Stages of chronic kidney disease

If you’ve recently been diagnosed with chronic kidney disease (CKD), one of the first things your doctor will do is determine how far the disease has progressed. When kidneys are damaged, they usually don’t fail all at once. Chronic kidney disease slowly becomes worse over time. Early diagnosis can help slow the progression of CKD and prolong kidney function.

There are five stages of chronic kidney disease. The different stages help doctors determine the type of treatment necessary for patients. These stages and treatment guidelines have been made by the National Kidney Foundation (NKF).  

One indicator of how well your kidneys are functioning is your GFR, or glomerular filtration rate, which shows how well your kidneys are cleaning your blood. When you are first diagnosed, your doctor will use a special formula to determine your GFR. Your health care providers will continue to monitor your GFR in the future.

Stages of chronic kidney disease

Stage

Description

GFR

Normal kidney function

Healthy kidneys

> 90 ml/min

Stage 1

Kidney damage with normal or high GFR

90 ml/min or more

Stage 2

Kidney damage with mild decrease in GFR

60 to 89 ml/min

Stage 3

Moderate decrease in GFR

30 to 59 ml/min

Stage 4

Severe decrease in GFR

15 to 29 ml/min

Stage 5

Kidney failure

Less than 15 ml/min

Stages 1 and 2 of chronic kidney disease

If you are found to be in Stage 1 or Stage 2 of chronic kidney disease, you may have few, if any, symptoms. Other indicators may show that you have the disease, including:

  • Blood pressure that is higher than normal
  • Presence of blood or protein in your urine
  • Higher than normal levels of creatinine or urea in your blood
  • Kidney damage confirmed by an MRI, CT scan, ultrasound or contrast X-ray
  • Polycystic kidney disease (PKD) runs in your family

Stages 3 and 4 of chronic kidney disease

If you are diagnosed with Stage 3 CKD, you may have anemia (a shortage of red blood cells) and/or early signs of bone disease. Your health care providers will treat these disorders so that you can feel better and reduce the chance of future complications.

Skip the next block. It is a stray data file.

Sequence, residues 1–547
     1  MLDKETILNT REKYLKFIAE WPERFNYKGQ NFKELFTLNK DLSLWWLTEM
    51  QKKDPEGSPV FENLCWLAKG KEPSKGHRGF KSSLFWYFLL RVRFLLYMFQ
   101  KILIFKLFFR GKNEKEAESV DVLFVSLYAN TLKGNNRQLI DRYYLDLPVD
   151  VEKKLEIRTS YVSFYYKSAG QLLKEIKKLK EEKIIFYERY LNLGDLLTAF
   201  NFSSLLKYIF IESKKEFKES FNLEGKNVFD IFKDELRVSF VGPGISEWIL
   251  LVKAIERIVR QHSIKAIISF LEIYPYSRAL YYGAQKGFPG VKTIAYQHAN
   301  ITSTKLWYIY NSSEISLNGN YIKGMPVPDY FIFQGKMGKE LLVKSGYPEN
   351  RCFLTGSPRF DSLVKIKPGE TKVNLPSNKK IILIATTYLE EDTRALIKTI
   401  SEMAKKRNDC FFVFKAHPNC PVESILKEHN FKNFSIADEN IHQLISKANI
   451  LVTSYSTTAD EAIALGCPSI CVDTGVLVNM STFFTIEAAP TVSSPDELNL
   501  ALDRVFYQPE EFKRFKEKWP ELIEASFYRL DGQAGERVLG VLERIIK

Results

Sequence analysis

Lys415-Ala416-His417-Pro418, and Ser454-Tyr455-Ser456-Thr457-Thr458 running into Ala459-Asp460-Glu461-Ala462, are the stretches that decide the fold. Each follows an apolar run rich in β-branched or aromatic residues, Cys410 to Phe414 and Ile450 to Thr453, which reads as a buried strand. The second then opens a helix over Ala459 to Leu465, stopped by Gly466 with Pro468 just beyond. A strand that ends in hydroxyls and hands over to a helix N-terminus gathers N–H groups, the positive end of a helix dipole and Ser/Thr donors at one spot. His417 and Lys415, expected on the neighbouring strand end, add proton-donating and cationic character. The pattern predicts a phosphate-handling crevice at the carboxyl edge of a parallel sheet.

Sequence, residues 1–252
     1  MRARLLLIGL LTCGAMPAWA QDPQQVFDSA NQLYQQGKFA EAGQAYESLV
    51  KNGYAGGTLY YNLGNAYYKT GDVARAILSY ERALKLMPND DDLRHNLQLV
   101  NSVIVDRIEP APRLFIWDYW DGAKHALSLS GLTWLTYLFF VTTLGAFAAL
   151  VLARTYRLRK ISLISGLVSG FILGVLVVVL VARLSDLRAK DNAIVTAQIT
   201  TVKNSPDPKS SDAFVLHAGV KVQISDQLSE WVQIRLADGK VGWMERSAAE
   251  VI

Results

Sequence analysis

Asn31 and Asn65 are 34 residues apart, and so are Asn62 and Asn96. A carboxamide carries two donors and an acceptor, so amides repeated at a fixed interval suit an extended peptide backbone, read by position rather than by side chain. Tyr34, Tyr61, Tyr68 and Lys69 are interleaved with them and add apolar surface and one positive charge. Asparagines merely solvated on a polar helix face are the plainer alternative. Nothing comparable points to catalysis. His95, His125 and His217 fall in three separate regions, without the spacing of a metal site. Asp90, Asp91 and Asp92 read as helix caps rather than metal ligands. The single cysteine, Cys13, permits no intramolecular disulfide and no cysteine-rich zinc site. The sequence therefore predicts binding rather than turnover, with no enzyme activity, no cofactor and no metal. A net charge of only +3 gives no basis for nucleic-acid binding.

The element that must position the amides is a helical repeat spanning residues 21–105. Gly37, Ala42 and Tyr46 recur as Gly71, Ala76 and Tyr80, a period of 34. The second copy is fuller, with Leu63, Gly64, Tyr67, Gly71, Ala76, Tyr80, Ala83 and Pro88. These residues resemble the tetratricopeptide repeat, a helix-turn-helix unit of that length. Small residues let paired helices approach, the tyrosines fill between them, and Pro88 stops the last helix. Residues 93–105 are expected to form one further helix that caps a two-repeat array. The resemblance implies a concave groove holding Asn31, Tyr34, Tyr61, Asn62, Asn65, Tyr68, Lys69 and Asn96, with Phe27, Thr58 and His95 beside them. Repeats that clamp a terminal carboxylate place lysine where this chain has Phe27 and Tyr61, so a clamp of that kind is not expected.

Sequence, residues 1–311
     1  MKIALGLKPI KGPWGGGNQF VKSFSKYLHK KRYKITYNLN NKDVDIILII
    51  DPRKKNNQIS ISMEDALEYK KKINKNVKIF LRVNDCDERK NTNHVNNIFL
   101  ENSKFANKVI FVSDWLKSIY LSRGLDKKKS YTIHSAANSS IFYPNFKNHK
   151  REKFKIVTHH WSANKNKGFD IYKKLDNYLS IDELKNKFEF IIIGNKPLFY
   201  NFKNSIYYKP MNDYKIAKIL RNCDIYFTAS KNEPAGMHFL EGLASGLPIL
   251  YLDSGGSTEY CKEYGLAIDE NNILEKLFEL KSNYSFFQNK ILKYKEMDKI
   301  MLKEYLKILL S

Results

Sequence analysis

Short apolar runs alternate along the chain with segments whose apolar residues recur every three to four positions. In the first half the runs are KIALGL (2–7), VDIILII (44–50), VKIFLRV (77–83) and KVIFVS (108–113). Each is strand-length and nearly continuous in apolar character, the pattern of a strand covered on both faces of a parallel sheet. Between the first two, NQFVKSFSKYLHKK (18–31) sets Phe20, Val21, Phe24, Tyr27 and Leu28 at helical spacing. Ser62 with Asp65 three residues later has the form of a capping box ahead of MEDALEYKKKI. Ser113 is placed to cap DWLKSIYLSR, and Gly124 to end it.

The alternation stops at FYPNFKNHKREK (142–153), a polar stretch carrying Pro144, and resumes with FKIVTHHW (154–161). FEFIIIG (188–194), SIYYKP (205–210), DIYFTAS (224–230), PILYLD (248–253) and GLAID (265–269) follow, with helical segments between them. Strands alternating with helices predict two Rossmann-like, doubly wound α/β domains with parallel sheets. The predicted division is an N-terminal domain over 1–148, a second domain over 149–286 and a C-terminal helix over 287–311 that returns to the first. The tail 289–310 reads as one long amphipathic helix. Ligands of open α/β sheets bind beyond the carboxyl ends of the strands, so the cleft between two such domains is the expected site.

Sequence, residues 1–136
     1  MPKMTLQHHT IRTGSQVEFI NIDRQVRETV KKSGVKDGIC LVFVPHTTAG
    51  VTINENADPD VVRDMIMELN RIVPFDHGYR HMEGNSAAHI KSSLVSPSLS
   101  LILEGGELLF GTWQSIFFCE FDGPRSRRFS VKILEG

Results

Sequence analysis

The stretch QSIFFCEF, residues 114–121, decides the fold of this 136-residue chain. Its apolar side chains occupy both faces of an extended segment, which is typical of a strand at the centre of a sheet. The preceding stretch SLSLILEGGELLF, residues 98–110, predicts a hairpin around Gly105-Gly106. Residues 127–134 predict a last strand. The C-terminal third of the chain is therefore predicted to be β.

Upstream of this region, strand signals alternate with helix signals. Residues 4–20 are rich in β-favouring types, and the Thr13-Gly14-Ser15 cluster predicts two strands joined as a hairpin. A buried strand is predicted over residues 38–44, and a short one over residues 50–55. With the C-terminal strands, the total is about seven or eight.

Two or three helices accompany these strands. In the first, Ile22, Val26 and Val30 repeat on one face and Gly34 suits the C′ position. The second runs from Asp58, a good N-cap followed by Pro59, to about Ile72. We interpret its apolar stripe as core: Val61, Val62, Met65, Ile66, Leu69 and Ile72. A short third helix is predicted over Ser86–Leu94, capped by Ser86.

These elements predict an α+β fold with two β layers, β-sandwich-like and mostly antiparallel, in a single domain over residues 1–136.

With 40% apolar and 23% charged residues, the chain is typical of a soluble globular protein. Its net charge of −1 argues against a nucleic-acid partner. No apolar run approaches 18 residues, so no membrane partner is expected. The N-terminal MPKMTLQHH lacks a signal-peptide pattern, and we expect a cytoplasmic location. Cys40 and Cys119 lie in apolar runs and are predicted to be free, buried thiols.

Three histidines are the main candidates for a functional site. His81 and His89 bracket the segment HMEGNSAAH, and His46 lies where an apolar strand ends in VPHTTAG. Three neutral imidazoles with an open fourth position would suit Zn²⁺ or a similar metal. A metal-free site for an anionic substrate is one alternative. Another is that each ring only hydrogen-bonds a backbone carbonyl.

When your chronic kidney disease progresses to Stage 4, you should see a nephrologist (kidney doctor). This is also the time when your health care team can talk to you about dialysis and/or a kidney transplant. 

Stage 5 of chronic kidney disease

Stage 5 CKD, also known as end stage renal disease (ESRD), happens when your GFR level is at 15 ml/min or less. This means your kidneys hardly work or do not work at all. These are some symptoms when you have Stage 5 of chronic kidney disease: 

  • Nausea
  • Loss of appetite
  • Headaches
  • Skin color changes
  • Swollen ankles and eyes
  • Fatigue
  • Body cramps

Once kidney disease advances to stage 5, you need to be on dialysis or receive a kidney transplant in order to live. You can choose different dialysis treatments, including peritoneal dialysis (PD), home hemodialysis (HHD), nocturnal dialysis and in-center hemodialysis. When you’re on dialysis, your diet will change and you will work with a dietitian to help you learn about the best food choices for your individual needs.   

Summary

Chronic kidney disease progresses slowly over time. You may be surprised to learn you have it, since in its early stages, there are few symptoms. Once you are diagnosed with CKD, your health care team will determine your stage of kidney disease by calculating your glomerular filtration rate (GFR). One of the key indicators of the disease’s progression is decreases in your GFR, which will be monitored on a regular basis by your health care providers. It is important to get all the facts about CKD and how it affects your body so that you can feel empowered and begin taking steps to support your health.

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